This eco-leader makes a line of shoes that is high in recycled content, and the company won an Editors’ Choice Green Award in 2006 for its “Green Index.” The index is a measure of the environmental impact of Timberland’s products–and a bold move towards transparency. It reports on greenhouse-gas emissions, hazardous chemical usage, and the percentage of recycled, organic, and renewable materials. The company prints this data on a “nutrition label” on shoeboxes that also tells consumers where products are manufactured.


Timbuk2’s Grown Collection bags use eco-friendly buckles made of PLA resin (mostly from corn and other veggies) and Timbuk2-durable waterproof fabric made up of 66% hemp and 33% PET. Timbuk2 has eliminated PVC from its entire product line; it is now using waterproof, durable TPU instead.



In 2007, the world’s largest manufacturer of synthetic fibers and textiles introduced recycled nylon. It is also launching an environmentally friendly membrane for waterproof/breathable outerwear. The key: a plant-derived polyurethane coating that reduces CO2 emissions while still providing air permeability.


Its shoeboxes use 100% post-consumer recycled cardboard and soy-based inks, and its boots are no longer shipped with paper stuffing. The company’s new running shoes feature recycled materials, plus leather that comes from ISO 14-0001 and BLC-certified tanneries. Vasque has eliminated its consumer catalog and other printed materials, and when it does use paper, it is produced with renewable energy and certified by Smartwood as coming from sustainable, non-virgin forests.


Vibram makes outsoles for nearly every boot brand out there. Its Ecostep soles, introduced several years ago, have 30% recycled content, which reduces landfill waste and the use of virgin material.


White Sierra

This spring, White Sierra introduces Happy Planet Earth Friendly fabrics, including bamboo, recycled poly, and linen. One new material, Soda Bottle Weave, diverts five soda bottles per garment from landfills. Linen is naturally easy on the environment; it uses only half the water required by cotton.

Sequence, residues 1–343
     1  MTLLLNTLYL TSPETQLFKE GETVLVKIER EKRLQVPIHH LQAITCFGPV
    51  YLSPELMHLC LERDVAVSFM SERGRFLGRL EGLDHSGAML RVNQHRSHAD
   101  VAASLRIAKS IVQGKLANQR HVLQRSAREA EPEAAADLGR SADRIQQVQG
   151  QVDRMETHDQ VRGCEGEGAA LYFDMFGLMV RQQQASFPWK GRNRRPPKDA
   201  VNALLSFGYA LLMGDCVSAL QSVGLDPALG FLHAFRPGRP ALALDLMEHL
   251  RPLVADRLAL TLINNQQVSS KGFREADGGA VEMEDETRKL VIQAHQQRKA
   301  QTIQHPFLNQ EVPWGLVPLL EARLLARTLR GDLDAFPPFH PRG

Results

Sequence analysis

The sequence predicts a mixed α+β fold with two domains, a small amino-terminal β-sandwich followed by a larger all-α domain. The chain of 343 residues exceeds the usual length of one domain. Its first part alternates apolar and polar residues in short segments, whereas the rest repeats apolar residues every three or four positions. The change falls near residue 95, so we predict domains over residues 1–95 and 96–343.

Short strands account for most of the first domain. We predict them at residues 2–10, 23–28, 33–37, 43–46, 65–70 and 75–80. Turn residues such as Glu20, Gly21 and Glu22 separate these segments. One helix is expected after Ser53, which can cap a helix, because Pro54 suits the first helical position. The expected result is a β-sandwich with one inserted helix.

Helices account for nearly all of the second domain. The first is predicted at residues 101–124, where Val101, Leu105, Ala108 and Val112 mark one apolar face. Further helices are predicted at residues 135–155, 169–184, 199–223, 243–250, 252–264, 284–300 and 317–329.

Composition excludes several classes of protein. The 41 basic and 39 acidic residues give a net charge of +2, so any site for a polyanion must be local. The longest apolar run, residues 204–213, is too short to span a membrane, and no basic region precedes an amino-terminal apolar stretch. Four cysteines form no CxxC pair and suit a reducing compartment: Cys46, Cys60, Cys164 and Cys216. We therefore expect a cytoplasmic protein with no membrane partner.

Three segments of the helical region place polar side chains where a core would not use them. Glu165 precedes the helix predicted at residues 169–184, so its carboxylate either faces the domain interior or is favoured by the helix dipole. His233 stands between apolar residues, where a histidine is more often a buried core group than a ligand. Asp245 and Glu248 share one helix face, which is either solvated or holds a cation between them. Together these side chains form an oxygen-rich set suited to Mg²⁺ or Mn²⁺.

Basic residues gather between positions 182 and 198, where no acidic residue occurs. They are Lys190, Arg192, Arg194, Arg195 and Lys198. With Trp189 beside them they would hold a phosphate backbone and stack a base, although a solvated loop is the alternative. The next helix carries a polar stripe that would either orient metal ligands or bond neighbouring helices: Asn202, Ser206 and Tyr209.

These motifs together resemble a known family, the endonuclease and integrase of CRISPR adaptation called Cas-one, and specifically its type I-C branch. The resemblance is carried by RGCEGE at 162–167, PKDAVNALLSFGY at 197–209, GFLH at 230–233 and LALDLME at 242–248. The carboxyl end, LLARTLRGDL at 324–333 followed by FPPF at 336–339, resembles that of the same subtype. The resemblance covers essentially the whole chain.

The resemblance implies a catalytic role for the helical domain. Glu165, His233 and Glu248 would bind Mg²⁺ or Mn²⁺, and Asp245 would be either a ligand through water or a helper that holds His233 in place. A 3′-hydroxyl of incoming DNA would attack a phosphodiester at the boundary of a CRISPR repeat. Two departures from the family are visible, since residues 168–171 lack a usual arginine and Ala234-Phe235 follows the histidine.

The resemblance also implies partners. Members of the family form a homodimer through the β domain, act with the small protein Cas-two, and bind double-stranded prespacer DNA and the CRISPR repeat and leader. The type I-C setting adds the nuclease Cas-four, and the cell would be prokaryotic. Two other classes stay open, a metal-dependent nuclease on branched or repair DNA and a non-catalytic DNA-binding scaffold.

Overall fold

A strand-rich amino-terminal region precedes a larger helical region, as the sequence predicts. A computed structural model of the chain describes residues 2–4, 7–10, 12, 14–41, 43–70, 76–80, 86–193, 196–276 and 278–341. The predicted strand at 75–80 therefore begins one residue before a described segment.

In April, Yakima will launch Planet Payback, an initiative to reduce CO2 emissions across all of its operations. Consumers will get to vote on the type of offsets the company should support when they register their product purchases at Its popular cargo rooftop boxes are made of up to 80% recycled ABS plastic. Cargo boxes, scrap from cargo-box manufacturing, and aluminum and steel parts are all recyclable, as well as the steel tubing and plastic fairings on Yakima’s cargo baskets.

Zamberlan USA

This bootmaker uses environmentally friendly glues and primers to limit impact and prevent worker exposure to harmful substances. Zamberlan also contracts only with leather tanneries that use pollution-free components.

Want more? Click here for an extra 19 green companies, plus an interview with Big Agnes’s Bill Gamber. WE’RE BIG FANS OF…

The North Face Mountain Sneaker
These new around-town kicks are a model of sustainable shoe building: They have a metal-free suede upper, bamboo lining and shank, cork midsole, and plant-based foam for cushioning. Even the multicolored tag is made from recycled soda bottle plastic. None of which would matter if the Sneakers weren’t so damn comfortable–they’re the most popular footwear among staffers this year. $90; men’s and women’s sizes;


Patagonia R2 Jacket
We have yet to find a midlayer that rivals the Editors’ Choice Award-winning (2000) R2 for high-exertion, cold-weather performance. In 2008, it’s made in part with recycled polyester and is 100% recyclable through Patagonia’s Common Threads program. $160; men’s S-XXL, women’s XS-L;


Marmot DriClime Catalyst Jacket
If a green product is one that lasts a long time, how’s this for longevity: This windshirt won an Editors’ Choice Award in 1993 for its versatile performance, and an Editors’ Choice Gold Award in 2002 for updates that kept it kicking. In 2008, the DriClime debuts in this version made with 88% recycled content. $110; men’s S-XXL, women’s XS-XL;

Do you speak green?

Eco-jargon can confuse more than it clarifies. We decode six common terms describing green fabrics and certifications.


Grows like a weed and can be made into rayon. No third-party certification exists to ensure that farming it doesn’t pollute or require deforestation.


This European standard certifies a material or process as eco-friendly, taking into account every factor in its creation, including air and water emissions, workers’ health, and resource management. Patagonia, Mountain Equipment Co-op, and Schoeller all use some Bluesign processes.


A product of discarded coconut shells that’s converted into a wicking, anti-odor, UV-blocking agent and infused into cotton and synthetic fabrics. The jury is still out on performance.

ISO 14000

This three-part environmental management protocol evaluates and reports on a company’s greenhouse emissions.


This stringent certification is awarded to companies that show leadership in energy and environmental design. LEED Gold-certified buildings have features such as passive ventilation and low-impact materials like recycled wood.


This acronym is shorthand for polyethlyne terephthalate. It’s a polyester whose properties allow it to be recycled; a popular version is made from used soda bottles.